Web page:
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Press Release

Former Chief Investment Officer Admits Bank Fraud Relating To $91.5 Million Commercial Loan

For Immediate Release
U.S. Attorney's Office, District of New Jersey

NEWARK, N.J. – A former chief investment officer of a medical property management company pled guilty today to a bank fraud conspiracy involving a $91.5 million commercial mortgage loan, Acting U.S. Attorney Rachael A. Honig announced.

Barton Schack, 65, of Ringwood, New Jersey, was charged by information with one count of conspiracy to commit bank fraud.  United States District Court Judge Madeline Cox Arleo accepted the guilty plea.      

According to documents filed in this case and statements made in court:

Schack was the chief investment officer of Regent Medical Properties (“Regent”), a property management company located in Glen Rock, New Jersey.  Sovereign Medical Services, and affiliates (“Sovereign”), was a network of multi-specialty, out-patient medical practices headquartered in Glen Rock, New Jersey, with various practice locations.  Co-conspirator 1 was the founder and chief executive officer of both Regent and Sovereign.

In April 2016, Schack and Co-conspirator 1 used fraudulent representations to obtain a $91.5 million loan (the “Mortgage Loan”) from Lender 1 and others secured by thirteen medical office buildings in New Jersey, New York, and Florida (the “Medical Properties”).  The borrowers in the Mortgage Loan were thirteen separate special purpose entities—majority-owned by Co-conspirator 1—one for each collateral property (collectively, the “Borrowers”). 

Schack and Co-conspirator 1 exploited the fact that, through Sovereign, Co-conspirator 1 controlled approximately half of the tenants in the Medical Properties.  Schack and Co-conspirator 1 misrepresented to Lender 1 the physical occupancy status of certain affiliated tenants and the Medical Properties’ true rental income.

After the Mortgage Loan closed, Schack and Co-conspirator 1 continued their scheme to conceal the actual financial status of the Medical Properties by submitting fraudulent financial statements to the loan servicer on a monthly basis.  Those misrepresentations allowed Schack and Co-conspirator 1 to avoid accelerated payment on the Mortgage Loan.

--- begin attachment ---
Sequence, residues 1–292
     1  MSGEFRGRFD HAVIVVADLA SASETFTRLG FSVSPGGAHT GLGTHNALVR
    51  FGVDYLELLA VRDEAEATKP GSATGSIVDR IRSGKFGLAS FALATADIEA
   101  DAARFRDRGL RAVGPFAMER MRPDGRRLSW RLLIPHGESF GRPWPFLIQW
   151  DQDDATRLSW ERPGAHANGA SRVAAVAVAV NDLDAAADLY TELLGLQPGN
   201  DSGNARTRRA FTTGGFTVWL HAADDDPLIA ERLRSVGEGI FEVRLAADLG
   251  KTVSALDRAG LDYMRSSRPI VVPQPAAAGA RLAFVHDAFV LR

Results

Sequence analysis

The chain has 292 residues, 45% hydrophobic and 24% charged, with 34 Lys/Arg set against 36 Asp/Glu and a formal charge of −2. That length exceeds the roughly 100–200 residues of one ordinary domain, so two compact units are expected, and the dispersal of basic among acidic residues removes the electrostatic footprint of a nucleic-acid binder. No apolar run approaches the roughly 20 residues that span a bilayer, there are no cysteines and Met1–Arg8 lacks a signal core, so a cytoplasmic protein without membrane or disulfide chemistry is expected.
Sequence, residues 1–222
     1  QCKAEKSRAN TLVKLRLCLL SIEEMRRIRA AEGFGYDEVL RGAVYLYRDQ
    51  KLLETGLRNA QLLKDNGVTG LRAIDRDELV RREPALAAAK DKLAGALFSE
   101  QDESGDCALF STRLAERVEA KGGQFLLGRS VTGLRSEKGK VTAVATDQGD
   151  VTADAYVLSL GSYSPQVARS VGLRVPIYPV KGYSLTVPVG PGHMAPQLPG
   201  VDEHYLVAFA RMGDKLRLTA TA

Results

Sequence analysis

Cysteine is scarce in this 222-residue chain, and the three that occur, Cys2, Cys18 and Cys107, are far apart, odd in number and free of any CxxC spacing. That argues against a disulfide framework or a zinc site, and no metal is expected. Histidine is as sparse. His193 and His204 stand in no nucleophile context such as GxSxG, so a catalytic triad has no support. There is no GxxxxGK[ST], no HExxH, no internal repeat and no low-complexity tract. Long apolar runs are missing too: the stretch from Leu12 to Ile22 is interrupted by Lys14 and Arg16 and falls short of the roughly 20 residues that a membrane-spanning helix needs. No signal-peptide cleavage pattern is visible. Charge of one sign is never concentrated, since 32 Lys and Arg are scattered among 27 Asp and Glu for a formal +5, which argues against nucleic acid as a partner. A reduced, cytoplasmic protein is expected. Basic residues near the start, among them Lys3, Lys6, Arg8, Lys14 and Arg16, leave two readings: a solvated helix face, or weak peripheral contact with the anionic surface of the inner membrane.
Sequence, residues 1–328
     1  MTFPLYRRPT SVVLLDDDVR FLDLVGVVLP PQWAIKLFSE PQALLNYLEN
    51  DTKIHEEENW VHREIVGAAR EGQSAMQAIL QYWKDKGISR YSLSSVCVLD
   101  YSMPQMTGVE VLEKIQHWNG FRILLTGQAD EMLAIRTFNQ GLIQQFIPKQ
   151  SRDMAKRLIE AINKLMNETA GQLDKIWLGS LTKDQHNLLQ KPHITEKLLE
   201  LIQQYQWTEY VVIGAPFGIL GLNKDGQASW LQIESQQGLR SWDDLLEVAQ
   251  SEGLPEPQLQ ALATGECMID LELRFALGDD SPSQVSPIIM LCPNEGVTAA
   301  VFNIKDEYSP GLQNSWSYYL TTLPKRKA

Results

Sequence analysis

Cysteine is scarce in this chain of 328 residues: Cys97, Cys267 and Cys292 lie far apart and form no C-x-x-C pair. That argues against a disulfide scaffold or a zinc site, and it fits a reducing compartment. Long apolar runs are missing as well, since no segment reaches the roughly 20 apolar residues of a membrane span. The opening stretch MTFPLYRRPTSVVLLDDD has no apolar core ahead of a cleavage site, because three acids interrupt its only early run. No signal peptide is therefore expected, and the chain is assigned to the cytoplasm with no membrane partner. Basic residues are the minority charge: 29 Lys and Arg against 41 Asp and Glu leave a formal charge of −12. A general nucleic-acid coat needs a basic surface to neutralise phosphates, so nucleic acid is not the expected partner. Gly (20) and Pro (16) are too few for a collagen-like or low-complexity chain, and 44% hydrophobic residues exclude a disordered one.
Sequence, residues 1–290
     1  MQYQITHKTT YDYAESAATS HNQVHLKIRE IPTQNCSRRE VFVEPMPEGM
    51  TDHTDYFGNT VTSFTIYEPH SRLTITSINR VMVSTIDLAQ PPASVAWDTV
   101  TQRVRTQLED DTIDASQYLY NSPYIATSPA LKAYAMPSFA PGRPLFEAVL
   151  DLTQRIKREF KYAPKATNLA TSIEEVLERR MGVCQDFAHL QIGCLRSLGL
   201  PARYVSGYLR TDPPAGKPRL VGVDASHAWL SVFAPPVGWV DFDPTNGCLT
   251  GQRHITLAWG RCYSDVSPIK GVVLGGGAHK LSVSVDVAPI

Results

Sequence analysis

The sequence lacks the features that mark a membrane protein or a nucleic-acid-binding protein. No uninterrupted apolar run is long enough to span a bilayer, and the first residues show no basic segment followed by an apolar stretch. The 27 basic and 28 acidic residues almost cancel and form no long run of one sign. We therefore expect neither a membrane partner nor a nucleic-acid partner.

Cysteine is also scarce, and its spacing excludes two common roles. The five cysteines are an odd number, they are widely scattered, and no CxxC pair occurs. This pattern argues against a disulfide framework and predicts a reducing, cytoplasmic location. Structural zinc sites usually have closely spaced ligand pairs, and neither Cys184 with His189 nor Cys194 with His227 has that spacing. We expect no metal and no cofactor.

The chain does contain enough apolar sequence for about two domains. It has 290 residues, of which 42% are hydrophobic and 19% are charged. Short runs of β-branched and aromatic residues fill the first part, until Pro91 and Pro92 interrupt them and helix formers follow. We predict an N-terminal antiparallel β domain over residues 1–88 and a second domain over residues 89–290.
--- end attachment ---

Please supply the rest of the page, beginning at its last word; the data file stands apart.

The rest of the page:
Finally, after the Mortgage Loan closing, Schack and Co-conspirator 1 diverted rent payments owed through the “lockbox” account procedure specified in the Mortgage Loan agreement.  Instead, Schack and Co-conspirator 1 used the funds for both Regent’s operating expenses and Co-conspirator 1’s personal expenses, including credit card bills of up to approximately $80,000 per month and private jet payments.  Through such means, Co-conspirator 1 diverted millions of dollars in rental payments from the “lockbox” account over the course of the Mortgage Loan for his own personal use.

Shortly after the closing of the Mortgage Loan in April 2016, Lender 1 sold its interest into two commercial mortgage-backed security loans.  By 2019, approximately three years after the closing of the Mortgage Loan, the Borrowers were sixty days behind on loan payments, and administration of the loan was referred to a special servicer.  In February 2020, the Borrowers declared bankruptcy.   

The conspiracy to commit bank fraud count carries a maximum penalty of 30 years in prison and a $1 million fine. Sentencing is scheduled for June 22, 2021.  

Acting U.S. Attorney Honig credited special agents of the FBI, under the direction of Special Agent in Charge George M. Crouch, Jr., and IRS-Criminal Investigation, under the direction of Special Agent in Charge Michael Montanez, with the investigation leading to today’s guilty plea.

The government is represented by Assistant U.S. Attorneys Andrew Macurdy and Shawn Barnes of the U.S. Attorney’s Office Criminal Division.                                    

Defense counsel:  Brent Culpepper, Esq.

Updated March 16, 2021

Financial Fraud
Press Release Number: 21-099